With respect to the people who say the Bible is a book of wisdom, but not God-inspired, yet who would describe themselves as Christian, there is an obvious sociological explanation for this fact which does not entail the absurdity that Christianity can be anything and everything imaginable. They have taken this position because they feel at least in part it is less confrontational and have some sort of emotional connection either to the religion itself and therefore can't fully let it go, or with believing friends and family members. As an atheist I would obviously agree with them that the book isn't actually inspired by any God, and at least in some places contain some wisdom, but there is a fact of the matter about whether that is what the book claims for itself regardless of how many people we can find who disagree.

willhud9 wrote:Wouldn’t a moderate Christian therefore then be (at least if our basis was scriptural authority, like I said we could do this with any theological position) a Christian with a blend of beliefs?

You are confusing what happens, culturally and sociologically, with what the definition of a Christian actually is orr should be. The fact that there is a discrepancy between any one of many possible definitions of Christanity, and how Christianity manifests through it's adherents still doesn't mean we have to consider all possible definitions of Christianity equally valid, plausible, or sensible.

I get why you would want to do that for it's apparent non-confrontationalism and spirit of solidarity and coexistence. That doesn't mean it's actually true.

willhud9 wrote: Genesis is believed to be poetry. Moderates don’t believe God literally created the Earth the way described in the beautiful prose of Genesis.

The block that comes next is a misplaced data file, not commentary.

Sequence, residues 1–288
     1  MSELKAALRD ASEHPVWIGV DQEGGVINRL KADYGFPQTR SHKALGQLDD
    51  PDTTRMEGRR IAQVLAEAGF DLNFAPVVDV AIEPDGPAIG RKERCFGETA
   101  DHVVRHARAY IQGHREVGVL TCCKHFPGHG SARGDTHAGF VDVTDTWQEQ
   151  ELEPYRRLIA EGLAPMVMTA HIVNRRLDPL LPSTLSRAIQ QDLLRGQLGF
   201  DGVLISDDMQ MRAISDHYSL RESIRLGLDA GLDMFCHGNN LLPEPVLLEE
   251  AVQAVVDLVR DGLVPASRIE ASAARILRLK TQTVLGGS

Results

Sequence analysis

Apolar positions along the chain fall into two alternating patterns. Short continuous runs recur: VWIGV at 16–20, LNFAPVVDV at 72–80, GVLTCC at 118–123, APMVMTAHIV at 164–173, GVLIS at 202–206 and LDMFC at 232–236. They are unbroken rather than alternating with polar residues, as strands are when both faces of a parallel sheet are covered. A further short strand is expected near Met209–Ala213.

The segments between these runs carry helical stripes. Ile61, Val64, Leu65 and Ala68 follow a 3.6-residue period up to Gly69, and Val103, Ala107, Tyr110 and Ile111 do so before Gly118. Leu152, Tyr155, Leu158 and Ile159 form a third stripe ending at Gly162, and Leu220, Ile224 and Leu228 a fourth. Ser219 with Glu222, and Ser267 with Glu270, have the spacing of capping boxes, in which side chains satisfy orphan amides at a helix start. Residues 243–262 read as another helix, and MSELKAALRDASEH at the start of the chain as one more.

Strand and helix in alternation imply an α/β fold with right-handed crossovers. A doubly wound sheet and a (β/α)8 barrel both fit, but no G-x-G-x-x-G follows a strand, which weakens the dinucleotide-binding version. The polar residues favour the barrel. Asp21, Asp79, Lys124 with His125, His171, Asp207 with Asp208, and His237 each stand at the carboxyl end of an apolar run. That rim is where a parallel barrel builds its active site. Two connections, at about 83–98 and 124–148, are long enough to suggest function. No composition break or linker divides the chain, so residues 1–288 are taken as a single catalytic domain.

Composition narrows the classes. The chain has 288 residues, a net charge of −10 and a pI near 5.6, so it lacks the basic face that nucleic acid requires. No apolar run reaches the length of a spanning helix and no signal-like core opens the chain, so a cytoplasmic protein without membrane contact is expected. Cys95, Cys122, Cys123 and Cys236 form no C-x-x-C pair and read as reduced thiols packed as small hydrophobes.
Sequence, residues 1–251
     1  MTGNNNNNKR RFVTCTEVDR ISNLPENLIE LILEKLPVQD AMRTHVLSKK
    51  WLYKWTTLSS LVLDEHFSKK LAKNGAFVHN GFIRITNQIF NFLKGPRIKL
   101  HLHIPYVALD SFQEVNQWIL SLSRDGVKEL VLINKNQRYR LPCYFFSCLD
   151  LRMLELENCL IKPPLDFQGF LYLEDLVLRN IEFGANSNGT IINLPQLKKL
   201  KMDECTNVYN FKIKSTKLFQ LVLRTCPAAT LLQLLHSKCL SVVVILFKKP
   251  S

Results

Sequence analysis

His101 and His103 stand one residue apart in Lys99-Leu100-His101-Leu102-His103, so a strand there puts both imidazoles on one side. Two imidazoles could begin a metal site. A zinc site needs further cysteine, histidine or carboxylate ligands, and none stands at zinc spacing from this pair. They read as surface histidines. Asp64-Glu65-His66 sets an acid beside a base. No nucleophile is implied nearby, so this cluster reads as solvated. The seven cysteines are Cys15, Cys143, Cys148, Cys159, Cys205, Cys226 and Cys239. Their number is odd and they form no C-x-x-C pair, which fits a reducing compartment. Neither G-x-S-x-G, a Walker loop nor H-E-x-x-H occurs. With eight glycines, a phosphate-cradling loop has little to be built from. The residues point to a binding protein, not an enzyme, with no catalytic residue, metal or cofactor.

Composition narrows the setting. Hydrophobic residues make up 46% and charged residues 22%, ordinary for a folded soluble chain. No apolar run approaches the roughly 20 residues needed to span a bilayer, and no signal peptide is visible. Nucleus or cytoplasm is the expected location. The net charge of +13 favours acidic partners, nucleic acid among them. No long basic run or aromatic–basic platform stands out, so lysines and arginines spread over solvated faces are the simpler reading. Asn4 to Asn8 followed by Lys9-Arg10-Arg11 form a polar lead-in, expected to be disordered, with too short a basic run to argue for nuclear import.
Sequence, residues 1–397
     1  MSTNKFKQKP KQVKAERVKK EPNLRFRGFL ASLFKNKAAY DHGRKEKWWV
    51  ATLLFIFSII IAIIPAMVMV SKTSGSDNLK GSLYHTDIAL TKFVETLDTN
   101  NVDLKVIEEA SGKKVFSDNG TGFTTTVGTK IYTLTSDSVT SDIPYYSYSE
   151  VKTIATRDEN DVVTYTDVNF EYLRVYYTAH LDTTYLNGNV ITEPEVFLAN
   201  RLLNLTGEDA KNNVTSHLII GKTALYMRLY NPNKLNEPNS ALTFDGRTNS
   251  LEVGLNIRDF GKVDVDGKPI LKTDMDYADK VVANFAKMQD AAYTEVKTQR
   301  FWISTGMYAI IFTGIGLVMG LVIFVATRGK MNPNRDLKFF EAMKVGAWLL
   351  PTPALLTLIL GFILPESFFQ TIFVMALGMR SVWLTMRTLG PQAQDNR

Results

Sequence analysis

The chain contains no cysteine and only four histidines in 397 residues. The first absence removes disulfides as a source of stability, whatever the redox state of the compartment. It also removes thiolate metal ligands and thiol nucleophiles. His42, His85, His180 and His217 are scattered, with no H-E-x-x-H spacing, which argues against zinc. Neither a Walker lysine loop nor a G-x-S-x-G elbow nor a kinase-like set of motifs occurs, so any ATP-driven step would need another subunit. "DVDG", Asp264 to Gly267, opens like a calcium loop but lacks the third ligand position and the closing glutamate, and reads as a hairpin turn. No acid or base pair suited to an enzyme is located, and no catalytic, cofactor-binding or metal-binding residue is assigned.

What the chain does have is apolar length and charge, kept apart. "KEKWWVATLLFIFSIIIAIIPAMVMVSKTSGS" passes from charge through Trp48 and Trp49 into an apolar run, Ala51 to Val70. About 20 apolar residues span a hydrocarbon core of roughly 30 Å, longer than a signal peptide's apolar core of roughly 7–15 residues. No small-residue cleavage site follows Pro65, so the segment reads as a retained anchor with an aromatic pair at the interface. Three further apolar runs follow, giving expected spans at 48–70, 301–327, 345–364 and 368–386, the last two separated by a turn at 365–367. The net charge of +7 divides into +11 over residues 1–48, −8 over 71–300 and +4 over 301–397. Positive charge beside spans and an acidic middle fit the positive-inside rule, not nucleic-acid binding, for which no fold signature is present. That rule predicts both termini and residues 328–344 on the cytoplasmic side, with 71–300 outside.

Yes and we know why. They want to have their cake and eat it too. Genesis started to be reinterpreted as allegory, metaphor, or "poetry" when it became clear it was bullshit. This way it can still be true without conflicting with science if we just take all the words to mean something else than what they normally mean. So a desire to preserve Biblical inerrancy is overruling accepting that the book contain falsehoods, even for moderates.

willhud9 wrote: But they do believe in the authority the Gospels may have in recording Jesus’s words/teachings or Pauline theology. Therefore they take those passages, and verses with more seriousness. That’s not cherry picking.

What a strange statement. They don't ignore genesis, instead they just reinterpret it, so they're not cherrypicking. Perhaps in that instance they're not. Ask them about Deuteronomy 13:6-16, or about laying with a man as if you would with a woman. And dusins of other grotesque examples of cruelty, and suddenly it's a book of wisdom and a book of... wisdom for another time that we can now today conveniently ignore and forget because it was just totally meant for another time. So it's not cherrypicking. It's something else, but it isn't cherrypicking. It's totally valid, we need to respect the moderates.

Let's all bow our heads in shame, apologize for our atheist militarism, and spread our buttcheeks.

willhud9 wrote:There is no instruction manual for Biblical hermeneutics to say accept all of this or none of this.

There certainly isn't, and as an atheist I would use that argument to undermine the plausibilty of the religion as truly being inspired by an omnipotent God. You'd think such an entity could communicate more clearly. But this is not to say that none of it can be made sense of, and that therefore all readings are equally plausible and valid. They aren't. And we know perfectly good sociological and psychological explanations for why some messages are reinterpreted and others aren't, and still others are forgotten or ignored. Because they conflict with surrounding culture, and with science, or with the readers own views and emotions. That really just mean we can actually some times say that someone is in fact wrong about how they understand it.